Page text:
The defendants offered no evidence at the trial. The government's evidence established these facts: On June 8, 1946, Roy B. Mogridge and Ralph Bratcher, investigators for the Alcohol Tax Unit, knowing that Von Patzoll had been a liquor dealer in Oklahoma City for a number of years, were watching liquor stores in Dallas, Texas. They were in an authomobile. They saw Von Patzoll's automobile, a Buick coupe, parked in front of the LaMar Liquor Store at Dallas, Texas, and observed two men in the street, and Von Patzoll talking to the manager of the Liquor Store. They drove past the Buick coupe and stopped for a traffic light. The Buick coupe came up beside them and passed on ahead of them. They followed it a short distance and then turned around and came back to the Liquor Store and parked. About an hour later, they again observed the Buick coupe at the Liquor Store. Von Patzoll and one other man were in the Buick coupe and a third man was in the store. In a short time, Von Patzoll and the two men left the Liquor Store. About 10 o'clock that night, the investigators saw a man, later identified as Brandon, get out of the Buick coupe and walk across the street to the Leeway Parking Lot and go to an International truck with a semi-trailer bed. He drove away in the truck. The truck was then empty. The truck proceeded to a filling station on Corinth Street. The investigators passed the filling station, turned, drove back, and observed the truck at the filling station with some one in it. Mogridge and Bratcher advised investigators Lamphear and Pauly by radio that they had followed the truck and that it was at the filling station. Lamphear and Pauly then drove past the filling station and saw a Buick sedanette move into the filling station and park alongside the truck, and observed a man loading a package, which resembled a case of whiskey, into the truck. They advised Mogridge and Bratcher of that fact by radio. Mogridge and Bratcher then drove back to the filling station and observed the International truck moving north on LaMar Street, followed by the Buick sedanette. They then notified Lamphear and Pauly that the truck was moving and the four investigators followed it to Davis, Oklahoma. From the time they started to follow the International truck, it was within their sight until they seized it a short distance beyond Moore, Oklahoma. The International truck stopped at Davis, Oklahoma, and the driver went into an eating house, apparently to obtain coffee. Later, a man came out of the eating house, boarded the International truck, and drove it on to Moore, Oklahoma, arriving at the latter point about 4:05 a.m., June 9, 1946. The investigators did not identify the man who entered the eating house, neither was there testimony that the man who left the International truck at Davis to go into the eating house was the same man who drove the International truck from Davis to Moore. The International truck stopped alongside the road at Moore, Oklahoma. About 4:35 a.m., the Buick coupe came from the south and passed the International truck. It was followed by a Buick truck. The Buick coupe and the Buick truck stopped near to the International truck and Feezell alighted from the Buick coupe and boarded the International truck. Von Patzoll also alighted from the Buick coupe and walked over to the International truck. Brandon, the driver of the Buick truck, also came over to the International truck. There was a short conference between Von Patzoll and Brandon, and the trucks and the Buick coupe then proceeded on. The International truck was in front, the Buick truck behind it, and the Buick coupe behind the latter. The investigators followed them. After the International truck, the Buick truck, and the Buick coupe had proceeded outside of Moore, the Buick truck passed the International truck and disappeared. The Buick coupe continued to follow the International truck. The investigators first stopped and took charge of the Buick coupe driven by Von Patzoll. A short distance further, they stopped the International truck. They found Feezell and Evans in the International truck. They identified themselves as investigators and asked Evans what he had in the truck. Evans replied, "I have got what you are looking for." Mogridge replied, "We are looking for liquor." Evans said, "Well, I have got it." They searched the truck and found about 30 cases of whiskey therein. They seized the International truck, the Buick coupe, and the whiskey.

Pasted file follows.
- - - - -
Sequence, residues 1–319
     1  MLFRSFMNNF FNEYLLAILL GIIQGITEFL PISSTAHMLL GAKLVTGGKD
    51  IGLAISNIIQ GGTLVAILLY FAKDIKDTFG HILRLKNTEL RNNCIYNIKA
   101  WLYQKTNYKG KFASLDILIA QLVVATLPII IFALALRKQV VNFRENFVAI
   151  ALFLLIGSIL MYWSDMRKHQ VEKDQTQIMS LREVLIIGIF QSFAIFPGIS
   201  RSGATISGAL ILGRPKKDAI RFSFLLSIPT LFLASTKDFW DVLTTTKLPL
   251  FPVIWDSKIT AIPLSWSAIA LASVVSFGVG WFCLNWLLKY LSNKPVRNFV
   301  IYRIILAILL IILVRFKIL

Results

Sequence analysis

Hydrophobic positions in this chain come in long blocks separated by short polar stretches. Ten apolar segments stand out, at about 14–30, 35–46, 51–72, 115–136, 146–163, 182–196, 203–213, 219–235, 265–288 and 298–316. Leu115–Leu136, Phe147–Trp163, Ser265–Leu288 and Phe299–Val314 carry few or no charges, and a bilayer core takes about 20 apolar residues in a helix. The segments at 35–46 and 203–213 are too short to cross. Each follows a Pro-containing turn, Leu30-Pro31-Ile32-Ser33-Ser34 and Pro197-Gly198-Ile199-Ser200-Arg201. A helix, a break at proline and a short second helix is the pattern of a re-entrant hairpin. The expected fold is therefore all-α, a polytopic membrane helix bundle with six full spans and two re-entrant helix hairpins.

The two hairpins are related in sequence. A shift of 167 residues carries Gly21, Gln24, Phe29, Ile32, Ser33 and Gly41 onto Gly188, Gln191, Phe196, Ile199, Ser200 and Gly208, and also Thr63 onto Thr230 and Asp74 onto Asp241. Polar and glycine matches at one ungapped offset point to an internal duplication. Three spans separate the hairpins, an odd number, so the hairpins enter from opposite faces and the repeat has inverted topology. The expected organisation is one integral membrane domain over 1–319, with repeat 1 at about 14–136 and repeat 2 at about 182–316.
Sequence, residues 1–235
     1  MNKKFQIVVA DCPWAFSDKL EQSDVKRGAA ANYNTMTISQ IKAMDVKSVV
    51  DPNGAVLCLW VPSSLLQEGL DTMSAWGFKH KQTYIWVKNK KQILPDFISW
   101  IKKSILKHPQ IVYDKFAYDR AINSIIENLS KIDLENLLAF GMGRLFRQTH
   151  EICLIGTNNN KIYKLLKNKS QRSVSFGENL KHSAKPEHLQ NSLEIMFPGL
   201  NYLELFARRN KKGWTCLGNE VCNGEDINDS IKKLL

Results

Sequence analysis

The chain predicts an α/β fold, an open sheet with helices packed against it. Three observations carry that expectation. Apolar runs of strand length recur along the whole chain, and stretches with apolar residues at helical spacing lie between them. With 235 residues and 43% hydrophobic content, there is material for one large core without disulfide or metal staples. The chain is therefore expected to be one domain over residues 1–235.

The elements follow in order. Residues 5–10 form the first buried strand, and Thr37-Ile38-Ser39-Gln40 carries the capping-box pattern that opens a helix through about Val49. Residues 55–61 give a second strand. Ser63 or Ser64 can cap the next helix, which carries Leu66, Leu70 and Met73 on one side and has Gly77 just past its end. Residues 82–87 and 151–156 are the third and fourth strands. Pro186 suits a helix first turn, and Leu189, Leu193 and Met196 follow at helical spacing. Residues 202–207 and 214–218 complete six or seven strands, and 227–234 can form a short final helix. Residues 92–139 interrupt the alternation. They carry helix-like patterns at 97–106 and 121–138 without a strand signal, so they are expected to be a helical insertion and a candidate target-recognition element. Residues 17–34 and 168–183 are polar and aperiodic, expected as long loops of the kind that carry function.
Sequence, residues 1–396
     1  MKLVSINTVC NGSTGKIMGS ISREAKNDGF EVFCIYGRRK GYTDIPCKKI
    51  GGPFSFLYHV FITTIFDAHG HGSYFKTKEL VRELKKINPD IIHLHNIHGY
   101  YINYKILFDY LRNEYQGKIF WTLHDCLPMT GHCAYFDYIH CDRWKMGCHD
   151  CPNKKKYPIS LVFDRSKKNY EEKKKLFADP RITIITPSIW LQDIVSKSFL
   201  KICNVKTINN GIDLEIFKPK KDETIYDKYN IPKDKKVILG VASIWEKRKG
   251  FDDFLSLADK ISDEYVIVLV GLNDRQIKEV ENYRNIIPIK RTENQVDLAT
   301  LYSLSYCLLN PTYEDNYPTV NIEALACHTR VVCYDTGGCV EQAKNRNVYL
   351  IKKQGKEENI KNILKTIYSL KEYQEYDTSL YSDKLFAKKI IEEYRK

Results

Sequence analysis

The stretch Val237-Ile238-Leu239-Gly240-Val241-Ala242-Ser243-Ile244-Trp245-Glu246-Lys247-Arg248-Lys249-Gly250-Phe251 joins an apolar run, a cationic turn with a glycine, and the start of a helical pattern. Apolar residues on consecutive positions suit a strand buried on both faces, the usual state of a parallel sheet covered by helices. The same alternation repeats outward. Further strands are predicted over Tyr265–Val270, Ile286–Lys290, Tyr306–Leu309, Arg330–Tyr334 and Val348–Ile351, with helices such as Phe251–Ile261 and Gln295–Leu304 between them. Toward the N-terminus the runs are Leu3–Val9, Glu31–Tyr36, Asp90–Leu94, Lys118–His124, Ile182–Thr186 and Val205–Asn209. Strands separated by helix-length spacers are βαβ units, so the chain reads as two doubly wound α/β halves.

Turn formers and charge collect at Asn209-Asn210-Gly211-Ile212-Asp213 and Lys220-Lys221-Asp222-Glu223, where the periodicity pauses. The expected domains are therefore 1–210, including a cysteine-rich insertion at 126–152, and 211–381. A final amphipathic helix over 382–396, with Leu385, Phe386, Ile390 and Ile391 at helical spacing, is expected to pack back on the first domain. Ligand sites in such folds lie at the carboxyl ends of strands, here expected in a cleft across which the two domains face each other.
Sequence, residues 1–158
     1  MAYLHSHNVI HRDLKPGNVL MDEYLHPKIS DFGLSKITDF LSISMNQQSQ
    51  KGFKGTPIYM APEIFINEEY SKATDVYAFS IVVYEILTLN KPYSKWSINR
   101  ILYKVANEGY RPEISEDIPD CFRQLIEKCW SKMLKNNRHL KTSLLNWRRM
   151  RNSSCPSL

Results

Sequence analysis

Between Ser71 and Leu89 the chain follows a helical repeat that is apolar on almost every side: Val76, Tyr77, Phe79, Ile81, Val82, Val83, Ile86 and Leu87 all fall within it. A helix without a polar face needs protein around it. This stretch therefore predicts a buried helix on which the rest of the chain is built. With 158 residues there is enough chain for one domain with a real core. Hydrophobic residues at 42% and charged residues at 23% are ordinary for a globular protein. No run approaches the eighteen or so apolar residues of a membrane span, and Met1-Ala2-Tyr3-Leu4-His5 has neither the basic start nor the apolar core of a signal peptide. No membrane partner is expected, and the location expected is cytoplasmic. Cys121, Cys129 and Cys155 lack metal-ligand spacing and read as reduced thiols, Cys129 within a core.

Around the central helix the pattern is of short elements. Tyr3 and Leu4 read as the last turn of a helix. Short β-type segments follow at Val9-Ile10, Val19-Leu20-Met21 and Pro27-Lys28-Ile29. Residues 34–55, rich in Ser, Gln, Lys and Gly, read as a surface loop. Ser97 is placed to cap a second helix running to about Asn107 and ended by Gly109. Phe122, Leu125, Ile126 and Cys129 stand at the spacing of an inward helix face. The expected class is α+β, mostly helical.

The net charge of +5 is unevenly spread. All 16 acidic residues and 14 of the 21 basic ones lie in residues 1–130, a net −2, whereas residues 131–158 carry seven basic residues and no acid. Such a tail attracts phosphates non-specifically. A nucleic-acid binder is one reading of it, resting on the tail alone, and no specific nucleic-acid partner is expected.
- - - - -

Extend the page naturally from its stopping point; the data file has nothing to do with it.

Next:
Lamphear and Pauly then undertook to locate Brandon and the Buick truck. After proceeding about 100 yards, they observed a car running without lights. They stopped it and found Brandon in the car. They searched the Buick truck but found no liquor. The investigators found a fifth of tax-paid whiskey in the Buick coupe.